This May, Dr. Michael J. Middleton stepped into the role of provost and vice president for teaching, learning and growth at Ramapo College. Middleton comes to Ramapo from Hunter College in New York City, and has served in various roles at Harvard University, the University of New Hampshire, the University of Massachusetts Boston and George Mason University.
When asked about what drew him to Ramapo, Middleton specifically pointed to the title of his position extending beyond provost. “Most universities will call [the position] vice president of academic affairs,” he said. “I thought any place that would be thoughtful enough to call the [provost] in charge of teaching, learning and growth is a place I want to get to know more.”
Although he’s only been here for four months, Middleton has already spent time getting to know the Ramapo community. After spending the summer going in and out of different offices and meeting the faculty, Middleton said he’s been “really impressed by a number of things.”
“Something I’d like us to advance even further is the notion of experiential education. We should be in classes and… students should be doing and not just absorbing information.”
– Dr. Michael J. Middleton
“One thing is that people who come to Ramapo like it a lot and stay,” he said. “People say to me ‘I’ve worked here for 15 or 20 years’ and that’s great.” Middleton also praised President Cindy Jebb for building a strong leadership team and for “providing that group with her trust and confidence that they can do a good job and then letting us carry out that work.”
Despite coming from schools with student populations exceeding 40,000, Middleton said he’s in familiar territory in regards to the size of Ramapo.
“At Hunter, my School of Education had about 3,300 students… so I’m used to working in that size environment and having leadership in that sense,” Middleton said. “I’ve always valued those smaller relationships, those close teaching advising relationships.”
As for what he has planned for Ramapo, Middleton spoke at length about the Boldly Ascending Strategic Plan (BASP) that Jebb introduced in July.
“A lot of that plan focuses on some large goals, what’s right for the campus,” Middleton said. “The first one really is to strengthen the Ramapo experience… and by that I mean a liberal arts education that values exploration, values choosing an area to go deep, values collaboration and helps you learn to communicate.”
Continuing on the BASP, Middleton said they want to think about “how we are a campus that values diversity and inclusion, that [Ramapo] is a very diverse campus with people from all different backgrounds, and how do we have each of those individuals feel like they belong, they’re valued and they’re included.”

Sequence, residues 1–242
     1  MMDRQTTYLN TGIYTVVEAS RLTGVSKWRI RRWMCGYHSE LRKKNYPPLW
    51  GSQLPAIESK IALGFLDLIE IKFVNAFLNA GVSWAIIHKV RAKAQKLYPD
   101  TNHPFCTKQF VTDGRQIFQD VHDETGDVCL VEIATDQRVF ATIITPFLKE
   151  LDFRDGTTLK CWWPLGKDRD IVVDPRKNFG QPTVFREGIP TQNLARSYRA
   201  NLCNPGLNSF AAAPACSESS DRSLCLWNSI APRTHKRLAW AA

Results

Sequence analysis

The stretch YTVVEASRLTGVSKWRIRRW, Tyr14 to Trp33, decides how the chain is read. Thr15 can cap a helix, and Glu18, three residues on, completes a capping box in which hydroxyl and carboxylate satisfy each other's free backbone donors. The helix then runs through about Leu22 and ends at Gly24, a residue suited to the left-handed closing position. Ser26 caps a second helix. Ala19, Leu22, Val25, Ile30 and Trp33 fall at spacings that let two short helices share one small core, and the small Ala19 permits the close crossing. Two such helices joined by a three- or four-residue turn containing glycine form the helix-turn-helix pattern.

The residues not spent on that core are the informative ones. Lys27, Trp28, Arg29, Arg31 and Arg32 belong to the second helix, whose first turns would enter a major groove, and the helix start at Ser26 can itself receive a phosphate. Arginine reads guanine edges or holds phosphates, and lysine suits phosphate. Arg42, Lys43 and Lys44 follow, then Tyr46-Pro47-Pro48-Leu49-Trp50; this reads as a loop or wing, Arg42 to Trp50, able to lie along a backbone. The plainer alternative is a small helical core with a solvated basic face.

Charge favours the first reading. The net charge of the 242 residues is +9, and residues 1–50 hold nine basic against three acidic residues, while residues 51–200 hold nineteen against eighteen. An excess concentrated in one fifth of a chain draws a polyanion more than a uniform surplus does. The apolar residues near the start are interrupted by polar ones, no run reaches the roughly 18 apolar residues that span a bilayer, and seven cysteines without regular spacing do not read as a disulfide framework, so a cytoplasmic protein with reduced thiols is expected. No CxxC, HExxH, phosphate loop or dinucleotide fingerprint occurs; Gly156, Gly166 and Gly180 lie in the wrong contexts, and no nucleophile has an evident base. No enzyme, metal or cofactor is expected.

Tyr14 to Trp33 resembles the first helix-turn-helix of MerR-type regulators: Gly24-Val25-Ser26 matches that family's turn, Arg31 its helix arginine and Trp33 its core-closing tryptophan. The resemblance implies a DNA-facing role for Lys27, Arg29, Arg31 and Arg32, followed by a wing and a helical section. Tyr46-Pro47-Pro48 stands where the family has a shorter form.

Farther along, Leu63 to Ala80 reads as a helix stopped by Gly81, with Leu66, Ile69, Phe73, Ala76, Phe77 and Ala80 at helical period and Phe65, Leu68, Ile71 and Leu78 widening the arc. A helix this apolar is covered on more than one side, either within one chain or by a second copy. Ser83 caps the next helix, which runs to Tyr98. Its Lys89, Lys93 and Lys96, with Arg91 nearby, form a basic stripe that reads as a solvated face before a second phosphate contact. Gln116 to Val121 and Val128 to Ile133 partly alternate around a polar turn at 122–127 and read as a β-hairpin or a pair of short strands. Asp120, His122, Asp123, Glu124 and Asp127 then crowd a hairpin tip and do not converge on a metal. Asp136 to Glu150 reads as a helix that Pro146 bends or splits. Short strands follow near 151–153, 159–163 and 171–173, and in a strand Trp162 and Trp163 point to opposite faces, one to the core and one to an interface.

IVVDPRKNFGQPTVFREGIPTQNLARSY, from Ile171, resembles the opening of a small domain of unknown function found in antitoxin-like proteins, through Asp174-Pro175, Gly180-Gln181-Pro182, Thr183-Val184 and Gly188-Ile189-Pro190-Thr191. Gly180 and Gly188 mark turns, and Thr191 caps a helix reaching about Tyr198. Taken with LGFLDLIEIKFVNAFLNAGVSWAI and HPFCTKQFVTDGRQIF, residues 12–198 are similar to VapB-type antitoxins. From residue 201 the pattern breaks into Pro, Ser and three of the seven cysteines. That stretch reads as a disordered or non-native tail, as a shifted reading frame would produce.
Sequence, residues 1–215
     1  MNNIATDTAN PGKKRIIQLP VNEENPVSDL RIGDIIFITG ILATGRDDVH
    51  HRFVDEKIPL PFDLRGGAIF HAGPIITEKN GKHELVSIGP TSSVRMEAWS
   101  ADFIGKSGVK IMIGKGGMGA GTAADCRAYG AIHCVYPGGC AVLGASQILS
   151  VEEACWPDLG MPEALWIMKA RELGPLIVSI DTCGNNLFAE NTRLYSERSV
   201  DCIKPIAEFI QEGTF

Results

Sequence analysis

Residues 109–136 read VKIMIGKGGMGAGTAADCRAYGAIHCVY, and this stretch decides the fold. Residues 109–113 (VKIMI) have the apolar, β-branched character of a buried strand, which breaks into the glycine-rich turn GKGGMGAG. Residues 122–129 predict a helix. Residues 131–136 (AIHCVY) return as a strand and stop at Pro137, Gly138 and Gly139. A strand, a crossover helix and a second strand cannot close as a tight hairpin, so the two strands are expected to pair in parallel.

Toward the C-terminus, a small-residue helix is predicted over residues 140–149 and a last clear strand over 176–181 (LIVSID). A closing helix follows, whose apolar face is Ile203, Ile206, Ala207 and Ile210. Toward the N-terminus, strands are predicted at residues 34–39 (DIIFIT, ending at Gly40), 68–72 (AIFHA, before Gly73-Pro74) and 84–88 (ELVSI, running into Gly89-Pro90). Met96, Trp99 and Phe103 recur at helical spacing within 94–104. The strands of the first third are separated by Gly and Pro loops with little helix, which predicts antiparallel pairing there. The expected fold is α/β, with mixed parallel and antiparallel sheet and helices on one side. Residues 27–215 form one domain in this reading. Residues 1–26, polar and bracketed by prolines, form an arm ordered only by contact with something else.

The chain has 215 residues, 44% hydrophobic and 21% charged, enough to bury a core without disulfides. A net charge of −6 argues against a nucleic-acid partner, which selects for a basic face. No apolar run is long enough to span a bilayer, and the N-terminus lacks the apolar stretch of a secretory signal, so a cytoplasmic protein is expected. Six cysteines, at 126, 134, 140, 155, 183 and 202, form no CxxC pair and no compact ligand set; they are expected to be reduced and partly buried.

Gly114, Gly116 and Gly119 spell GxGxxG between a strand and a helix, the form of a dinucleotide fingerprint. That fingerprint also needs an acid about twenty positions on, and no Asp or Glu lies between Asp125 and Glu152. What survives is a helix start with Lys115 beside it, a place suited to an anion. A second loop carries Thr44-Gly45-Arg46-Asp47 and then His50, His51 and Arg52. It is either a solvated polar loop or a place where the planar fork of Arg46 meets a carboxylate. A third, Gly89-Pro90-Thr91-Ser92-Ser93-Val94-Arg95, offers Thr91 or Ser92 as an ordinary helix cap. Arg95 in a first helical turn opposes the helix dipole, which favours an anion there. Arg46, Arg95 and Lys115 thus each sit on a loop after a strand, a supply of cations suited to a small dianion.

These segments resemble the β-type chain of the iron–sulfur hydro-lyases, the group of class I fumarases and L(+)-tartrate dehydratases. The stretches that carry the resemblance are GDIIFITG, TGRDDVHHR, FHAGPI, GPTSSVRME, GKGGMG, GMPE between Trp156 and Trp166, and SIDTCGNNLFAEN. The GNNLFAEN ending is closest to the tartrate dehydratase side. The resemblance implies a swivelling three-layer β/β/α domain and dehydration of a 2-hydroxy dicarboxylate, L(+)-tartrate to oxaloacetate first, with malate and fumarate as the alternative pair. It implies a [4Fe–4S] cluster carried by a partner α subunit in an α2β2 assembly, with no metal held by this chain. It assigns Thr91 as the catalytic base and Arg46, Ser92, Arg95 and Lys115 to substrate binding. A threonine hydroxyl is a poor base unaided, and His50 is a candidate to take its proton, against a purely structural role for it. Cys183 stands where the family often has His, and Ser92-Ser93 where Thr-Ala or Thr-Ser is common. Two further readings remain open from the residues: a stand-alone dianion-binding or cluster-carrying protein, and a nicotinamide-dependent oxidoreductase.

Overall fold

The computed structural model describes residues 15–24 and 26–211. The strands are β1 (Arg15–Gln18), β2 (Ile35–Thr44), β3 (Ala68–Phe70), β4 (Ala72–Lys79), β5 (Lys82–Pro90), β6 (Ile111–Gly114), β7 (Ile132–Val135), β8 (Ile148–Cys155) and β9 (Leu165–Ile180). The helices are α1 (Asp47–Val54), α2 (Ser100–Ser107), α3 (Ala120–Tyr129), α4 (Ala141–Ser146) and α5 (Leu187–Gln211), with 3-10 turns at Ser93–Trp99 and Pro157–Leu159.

Middleton mentioned that he meets with the Student Government Association every week to better understand the student population. “Whether it’s because of gender or race or disability status, you should feel like Ramapo is a place where you have access to a great education and [access] to the people who are here,” he said.
Middleton also wants to help faculty in their professional development, so they are at “the cutting edge” of their fields and know the best way to educate.
Inside the classroom, Middleton said he “wants to help advance the work… where students are more active, connected to the community, engaging in research and producing knowledge and ideas.”
“Something I’d like us to advance even further is the notion of experiential education,” Middleton said. “We should be in classes and… students should be doing and not just absorbing information.”
Middleton’s philosophy revolves around being a big believer that we can solve problems together by sitting down and talking through them. When his position became official, Jebb said “Dr. Middleton is an inspiring educator, research scientist, and leader… We look forward to welcoming Dr. Middleton to Ramapo at such a consequential time as we embark on a bold new strategic plan.”
“There’s so many wonderful things here to celebrate,” Middleton said. “I really hope that in my role I can be a champion for our faculty and our students in the work they do.”
Featured photo courtesy of Carolyn Herring